Friday, December 01, 2006

Separate but Equal? Single-Sex Classes Make Waves

The girls at the Irma Lerma Rangel Young Women's Leadership School in Dallas feel that they accomplish more without boys around. "Here, you don't have guys, so you pay more attention to your classes, and you Ye more focused," eighth grader Yadira Perez told the Fort Worth Star-Telegram of Texas. Rangel is one of about 240 public schools offering all-boys or all-girls classes.
Single-sex schools and classrooms are becoming more popular. The US. Department of Education recently relaxed the rules surrounding Title IX, a 1972 law that prohibits sex discrimination in public education. Now it's easier for school districts to offer single-sex education.

Supporters of single-sex education say boys and girls can focus better on schoolwork when they are separated. But some people disagree, saying single-sex education is discriminatory and unrealistic.

Better Learning
Boys and girls have better results in separate classes, some educators say. "We have found that the kids get more involved if we segregate them by sex," Mike Durbin, the principal of Gaston Junior High School, told The Oregomian of Portland, Ore.

Teacher Kristi Anderson of Ronald McNair Middle School in Lake City, S.C., says she uses a competitive team-based approach to teach her boys-only math class. "It gets them excited about learning," Anderson told The Tampa Tribune. "They love the competition."

Some students, including seventh grader Gabrielle Buffington, say separating boys and girls into different classes works. She told the Detroit Free Press that she was skeptical when her school began separating classes but changed her mind after a few classes. "We have our attention on learning. Our grades have gotten better," Gabrielle said.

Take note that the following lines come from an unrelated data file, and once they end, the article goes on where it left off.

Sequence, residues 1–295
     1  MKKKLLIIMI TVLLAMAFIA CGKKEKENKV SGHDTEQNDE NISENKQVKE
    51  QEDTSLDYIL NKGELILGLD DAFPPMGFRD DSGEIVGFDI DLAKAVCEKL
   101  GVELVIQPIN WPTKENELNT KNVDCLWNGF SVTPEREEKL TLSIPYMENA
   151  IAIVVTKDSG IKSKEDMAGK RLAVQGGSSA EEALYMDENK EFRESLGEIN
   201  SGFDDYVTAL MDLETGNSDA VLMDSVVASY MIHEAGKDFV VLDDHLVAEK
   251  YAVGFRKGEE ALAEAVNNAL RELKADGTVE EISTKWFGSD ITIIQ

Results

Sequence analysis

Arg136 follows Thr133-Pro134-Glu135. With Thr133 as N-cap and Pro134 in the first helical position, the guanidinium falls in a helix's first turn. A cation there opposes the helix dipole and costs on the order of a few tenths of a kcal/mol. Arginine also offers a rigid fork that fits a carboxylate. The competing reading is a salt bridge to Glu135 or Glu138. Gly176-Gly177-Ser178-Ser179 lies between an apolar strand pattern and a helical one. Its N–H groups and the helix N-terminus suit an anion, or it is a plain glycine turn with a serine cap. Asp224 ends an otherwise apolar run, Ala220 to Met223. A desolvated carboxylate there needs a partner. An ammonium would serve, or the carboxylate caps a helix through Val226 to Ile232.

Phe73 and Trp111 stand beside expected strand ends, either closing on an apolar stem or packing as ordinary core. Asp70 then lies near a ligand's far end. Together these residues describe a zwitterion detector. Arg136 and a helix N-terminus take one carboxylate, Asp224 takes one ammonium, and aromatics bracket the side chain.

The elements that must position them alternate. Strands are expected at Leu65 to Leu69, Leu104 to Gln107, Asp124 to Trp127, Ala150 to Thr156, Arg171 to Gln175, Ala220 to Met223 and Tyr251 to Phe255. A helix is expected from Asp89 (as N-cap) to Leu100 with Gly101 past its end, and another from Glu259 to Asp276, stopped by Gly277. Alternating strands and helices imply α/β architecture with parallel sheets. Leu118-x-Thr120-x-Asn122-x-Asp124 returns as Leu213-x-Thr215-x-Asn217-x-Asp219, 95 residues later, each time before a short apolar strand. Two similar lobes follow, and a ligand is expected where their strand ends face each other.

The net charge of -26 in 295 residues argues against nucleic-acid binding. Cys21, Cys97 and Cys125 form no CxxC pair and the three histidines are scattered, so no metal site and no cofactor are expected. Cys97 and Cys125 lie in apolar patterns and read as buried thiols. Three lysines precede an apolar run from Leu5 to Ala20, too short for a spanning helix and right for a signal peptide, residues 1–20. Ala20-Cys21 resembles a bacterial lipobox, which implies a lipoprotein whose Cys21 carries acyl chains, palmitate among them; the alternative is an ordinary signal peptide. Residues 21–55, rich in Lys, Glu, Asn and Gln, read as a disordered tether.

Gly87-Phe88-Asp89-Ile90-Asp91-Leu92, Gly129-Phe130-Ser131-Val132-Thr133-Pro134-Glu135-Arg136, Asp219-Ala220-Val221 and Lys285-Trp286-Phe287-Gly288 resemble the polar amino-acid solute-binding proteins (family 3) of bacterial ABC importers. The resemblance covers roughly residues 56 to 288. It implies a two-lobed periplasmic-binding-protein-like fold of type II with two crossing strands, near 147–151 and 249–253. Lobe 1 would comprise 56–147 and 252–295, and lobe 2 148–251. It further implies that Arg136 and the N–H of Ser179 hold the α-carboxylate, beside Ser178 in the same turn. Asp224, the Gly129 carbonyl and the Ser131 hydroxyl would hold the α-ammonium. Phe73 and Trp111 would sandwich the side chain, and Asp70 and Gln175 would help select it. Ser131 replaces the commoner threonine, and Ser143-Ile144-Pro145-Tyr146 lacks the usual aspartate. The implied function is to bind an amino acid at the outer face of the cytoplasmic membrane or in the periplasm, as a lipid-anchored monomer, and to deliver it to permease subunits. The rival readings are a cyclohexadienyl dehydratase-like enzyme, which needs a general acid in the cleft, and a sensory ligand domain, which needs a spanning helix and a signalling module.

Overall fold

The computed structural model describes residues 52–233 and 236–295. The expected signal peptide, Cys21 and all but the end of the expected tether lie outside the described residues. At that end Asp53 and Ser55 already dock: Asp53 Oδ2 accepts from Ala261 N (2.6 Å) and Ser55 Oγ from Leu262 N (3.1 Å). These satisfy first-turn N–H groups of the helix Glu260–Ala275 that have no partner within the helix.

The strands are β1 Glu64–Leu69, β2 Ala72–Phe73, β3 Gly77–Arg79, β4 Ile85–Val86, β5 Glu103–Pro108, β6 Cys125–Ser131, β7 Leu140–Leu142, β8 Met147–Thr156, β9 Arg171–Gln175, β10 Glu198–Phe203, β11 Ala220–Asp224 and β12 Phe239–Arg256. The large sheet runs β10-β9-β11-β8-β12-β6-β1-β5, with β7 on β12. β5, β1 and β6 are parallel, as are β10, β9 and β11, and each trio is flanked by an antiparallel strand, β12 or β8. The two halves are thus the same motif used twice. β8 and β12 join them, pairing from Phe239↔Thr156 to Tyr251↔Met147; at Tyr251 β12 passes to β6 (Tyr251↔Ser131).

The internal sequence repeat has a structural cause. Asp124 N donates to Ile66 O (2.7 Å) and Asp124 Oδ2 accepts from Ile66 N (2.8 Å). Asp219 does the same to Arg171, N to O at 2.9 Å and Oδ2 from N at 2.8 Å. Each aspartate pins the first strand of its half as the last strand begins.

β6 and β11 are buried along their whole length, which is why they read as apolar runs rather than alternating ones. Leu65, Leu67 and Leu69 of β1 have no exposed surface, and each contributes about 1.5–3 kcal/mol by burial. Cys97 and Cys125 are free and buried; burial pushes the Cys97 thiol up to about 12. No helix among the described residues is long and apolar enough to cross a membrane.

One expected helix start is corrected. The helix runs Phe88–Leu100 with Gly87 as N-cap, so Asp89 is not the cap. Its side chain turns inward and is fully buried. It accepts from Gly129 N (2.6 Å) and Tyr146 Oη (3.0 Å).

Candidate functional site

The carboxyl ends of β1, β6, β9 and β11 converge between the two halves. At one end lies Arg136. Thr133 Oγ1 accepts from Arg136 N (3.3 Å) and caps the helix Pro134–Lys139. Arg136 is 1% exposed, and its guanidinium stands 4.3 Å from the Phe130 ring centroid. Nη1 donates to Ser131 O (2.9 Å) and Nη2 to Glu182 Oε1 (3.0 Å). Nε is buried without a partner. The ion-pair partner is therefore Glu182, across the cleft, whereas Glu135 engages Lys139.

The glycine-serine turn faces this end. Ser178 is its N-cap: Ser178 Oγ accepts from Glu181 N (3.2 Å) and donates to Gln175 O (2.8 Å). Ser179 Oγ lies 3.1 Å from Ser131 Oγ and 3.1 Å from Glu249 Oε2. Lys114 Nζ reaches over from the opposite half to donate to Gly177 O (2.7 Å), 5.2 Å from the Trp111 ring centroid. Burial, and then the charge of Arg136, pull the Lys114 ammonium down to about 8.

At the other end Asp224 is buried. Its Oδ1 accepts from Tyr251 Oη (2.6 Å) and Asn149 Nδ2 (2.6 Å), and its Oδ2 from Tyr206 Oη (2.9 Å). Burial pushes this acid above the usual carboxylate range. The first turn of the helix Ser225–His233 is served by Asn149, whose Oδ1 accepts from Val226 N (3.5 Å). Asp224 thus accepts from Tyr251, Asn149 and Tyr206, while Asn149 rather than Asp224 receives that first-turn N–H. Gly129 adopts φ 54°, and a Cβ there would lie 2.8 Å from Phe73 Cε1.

Inherently Unequal?
Equality advocates, such as Emily Martin of the American Civil Liberties Union Women's Rights Project, say supporters of single-sex schools use faulty research. "The regulations give the green light to schools to develop programs based on … junk-science stereotypes, with the real potential to harm boys and girls." Martin says.

Other opponents say single-sex classes don't prepare kids for real life. "The real world is an integrated place where men and women compete for jobs, time, attention, and power," wrote Jennifer Bovair-Danulevicius of Arlington, Va., to the Free Press in response to an editorial about single-sex education.

Some students don't like being separated by gender. Ed Wilson, a student at Brandon Alternative School, told The Tampa Tribune that he doesn't like the lack of interaction with girls. "It doesn't feel right. It makes me feel like it's jail or something."

Current Events

No comments: